After the rich risotto the feeling of fullness started creeping in, but thankfully the Smoked Widgeon, Puy lentils and Pear Purée was tiny (to be fair the portion sizes are very well-considered, and we had only our opening beers and wanton bread consumption to blame). The thin tender slices of wild duck were distinctly gamey – not something I’d gravitate towards but I didn’t dislike it either, indifferent I think would be the word. B on the other hand quite liked the strong flavours, noting that they were further enhanced by our choice of bubbly.
Next to be presented were slivers of ham, house-cured with Seasalter sea salt. Producing their own ham was a direct result of wanting to use all the parts of the animal and promote less waste (the above printout that came with the ham explains in greater detail).
This particular ham was from the September 2008 batch – high in fat (perhaps disproportionately so) and extremely salty, we found it lacked the depth and structure of its Spanish and Italian equivalents.
More successful by far was the Brill Fillet poached in Butter with new season Asparagus and a grey-hued Smoked Herring Roe Sauce. The dish was subtle and refined – soft perfectly cooked fish and the complex sauce which was an absolute revelation.
Stephen (he’s the chef, while Phil works the front of house) brought out the next course, explaining to us that this dish was created to transform the lesser used lamb breast into something exciting. Breaded then fried, the lamb breasts resembled tonkatsu (he did mention he drew inspiration from Asian cuisine), and dipped in a mint sauce.
The rest of the lamb followed in a dish of Braised Shoulder, Roasted Saddle and Fillet of Monkshill farm Lamb with Sprouting Broccoli. We were told by Emma (Stephen’s partner) that if we were a lover of fat, we would love this. She wasn’t kidding, the thick layer of fat on the saddle was so unctuous that B likened it to bone marrow. The meat was also rather good, the fillet being my favourite, but the fat was most definitely the star.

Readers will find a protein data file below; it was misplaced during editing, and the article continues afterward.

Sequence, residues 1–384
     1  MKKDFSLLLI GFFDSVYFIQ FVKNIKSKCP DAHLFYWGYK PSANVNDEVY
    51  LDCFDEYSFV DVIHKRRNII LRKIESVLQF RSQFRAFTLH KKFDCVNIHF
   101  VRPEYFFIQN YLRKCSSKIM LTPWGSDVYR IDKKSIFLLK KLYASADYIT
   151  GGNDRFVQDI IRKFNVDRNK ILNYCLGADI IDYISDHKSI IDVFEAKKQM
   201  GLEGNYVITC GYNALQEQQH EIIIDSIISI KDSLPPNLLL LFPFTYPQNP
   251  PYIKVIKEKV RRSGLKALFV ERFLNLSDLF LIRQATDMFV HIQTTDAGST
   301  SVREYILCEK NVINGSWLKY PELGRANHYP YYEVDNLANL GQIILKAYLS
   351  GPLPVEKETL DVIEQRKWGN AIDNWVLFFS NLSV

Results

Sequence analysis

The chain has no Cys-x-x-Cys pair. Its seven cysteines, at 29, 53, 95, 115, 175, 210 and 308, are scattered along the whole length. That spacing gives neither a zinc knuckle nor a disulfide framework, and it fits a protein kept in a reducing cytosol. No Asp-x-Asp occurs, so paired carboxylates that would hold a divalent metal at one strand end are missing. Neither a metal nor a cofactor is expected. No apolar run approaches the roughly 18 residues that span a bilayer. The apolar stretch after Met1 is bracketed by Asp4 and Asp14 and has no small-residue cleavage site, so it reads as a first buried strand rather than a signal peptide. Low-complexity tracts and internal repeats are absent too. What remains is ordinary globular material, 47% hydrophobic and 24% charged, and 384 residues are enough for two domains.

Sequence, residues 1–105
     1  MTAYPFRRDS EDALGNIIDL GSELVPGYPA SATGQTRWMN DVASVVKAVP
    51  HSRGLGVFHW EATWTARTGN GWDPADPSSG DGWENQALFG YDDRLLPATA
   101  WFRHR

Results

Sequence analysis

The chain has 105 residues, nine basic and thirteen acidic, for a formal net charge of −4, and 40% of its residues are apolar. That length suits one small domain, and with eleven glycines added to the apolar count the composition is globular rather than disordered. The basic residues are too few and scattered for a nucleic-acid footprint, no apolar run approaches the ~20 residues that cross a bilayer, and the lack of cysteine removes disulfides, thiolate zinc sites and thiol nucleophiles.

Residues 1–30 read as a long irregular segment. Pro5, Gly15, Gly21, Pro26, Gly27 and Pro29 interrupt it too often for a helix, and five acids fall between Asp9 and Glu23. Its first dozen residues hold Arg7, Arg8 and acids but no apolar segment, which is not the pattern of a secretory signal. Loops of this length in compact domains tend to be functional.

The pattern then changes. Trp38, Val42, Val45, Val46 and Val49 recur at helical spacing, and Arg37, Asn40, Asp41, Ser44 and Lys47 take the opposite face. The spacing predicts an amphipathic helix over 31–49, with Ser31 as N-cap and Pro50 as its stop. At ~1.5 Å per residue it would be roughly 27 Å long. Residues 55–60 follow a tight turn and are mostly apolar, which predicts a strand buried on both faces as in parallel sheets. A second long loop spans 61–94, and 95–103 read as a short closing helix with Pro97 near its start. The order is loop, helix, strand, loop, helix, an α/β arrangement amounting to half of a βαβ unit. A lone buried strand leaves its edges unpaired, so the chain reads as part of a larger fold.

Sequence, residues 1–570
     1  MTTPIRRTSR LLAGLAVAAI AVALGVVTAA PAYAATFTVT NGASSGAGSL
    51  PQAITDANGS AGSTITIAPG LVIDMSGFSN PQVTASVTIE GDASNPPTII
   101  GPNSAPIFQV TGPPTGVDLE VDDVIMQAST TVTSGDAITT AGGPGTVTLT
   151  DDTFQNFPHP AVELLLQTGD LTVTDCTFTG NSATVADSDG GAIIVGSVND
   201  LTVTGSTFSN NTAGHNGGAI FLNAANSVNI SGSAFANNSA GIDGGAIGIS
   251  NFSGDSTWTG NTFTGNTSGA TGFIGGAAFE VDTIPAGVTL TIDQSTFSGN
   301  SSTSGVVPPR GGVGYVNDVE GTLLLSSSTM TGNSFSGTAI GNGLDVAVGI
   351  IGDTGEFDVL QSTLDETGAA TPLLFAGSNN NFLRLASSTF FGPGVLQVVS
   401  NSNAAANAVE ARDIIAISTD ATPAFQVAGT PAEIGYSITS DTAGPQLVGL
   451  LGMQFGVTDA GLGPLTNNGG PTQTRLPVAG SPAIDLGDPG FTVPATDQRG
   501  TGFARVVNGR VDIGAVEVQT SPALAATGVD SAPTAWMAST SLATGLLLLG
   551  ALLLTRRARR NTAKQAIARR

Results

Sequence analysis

As a prelude to the desserts were were giving a little Blood Orange Ice Lolly engulfed in Cake Milk (essentially milk in which cake has been left soaking in). The cake milk was a strange but not unpleasant – thick and slightly grainy, it really did taste of cake. I’m not sure if the blood orange icicle worked with it though, being very sharp and cold it was quite an assault to the taste buds.
The Lemon Tart with Meringue Ice Cream (sprayed with salt water) in contrast was expertly balanced. The tart filling was a juxtaposition of tangy citrus and eggy custard, that paired beautifully with the sweetness of the ice cream specked with crunchy meringue. The tart itself was crafted with great skill – a thin shortcrust case that snaps when bit into, and a custard filling with just the right amount of wobble.
To finish off was a medley of desserts, which we were advised to eat from left to right. First a bubblegum pink Rhubarb Sorbet, that had a coarse, almost granita-like texture which was topped with a sprinkle of popping candy (space dust) and a dollop of yogurt. When eaten together, it was akin to a jaw-numbingly cold rhubarb and custard boiled sweet. The Warm Chocolate Mousse was impossibly airy, and hid a thin layer of salted caramel resting at the bottom – a real rich, decadent mouthful. The Violet Ice Cream with Brownie bits I didn’t really care for, being terribly sweet and edging on sickly (it was however, a very pretty shade of lavender). The crumbly buttery Shortbread rounded everything off nicely and went exceedingly well with our coffees.
We sauntered out of the pub just after 4pm, contently filled to the brim and suitably tipsy for the nap on the train home. The Sportsman is really a league above any gastropub (and many a restaurant) we’ve been to with its impeccable cooking and considerate sourcing of ingredients (the beautiful country setting and glorious weather didn’t hurt either). The wine list, although short, deserves a mention for being reasonable with most options cheap and cheerful (hovering around the £20 mark). I think what I liked best though was not just the food itself, or even the idyllic seaside locale, but that Harris’ accomplished cooking is offered up in such pared-down, unpretentious surroundings. So modest that if I had walked in there, not having heard of The Sportsman, I would have never expected such culinary delights to leave its kitchen.
Kent CT5 4BP
t. 01227 273370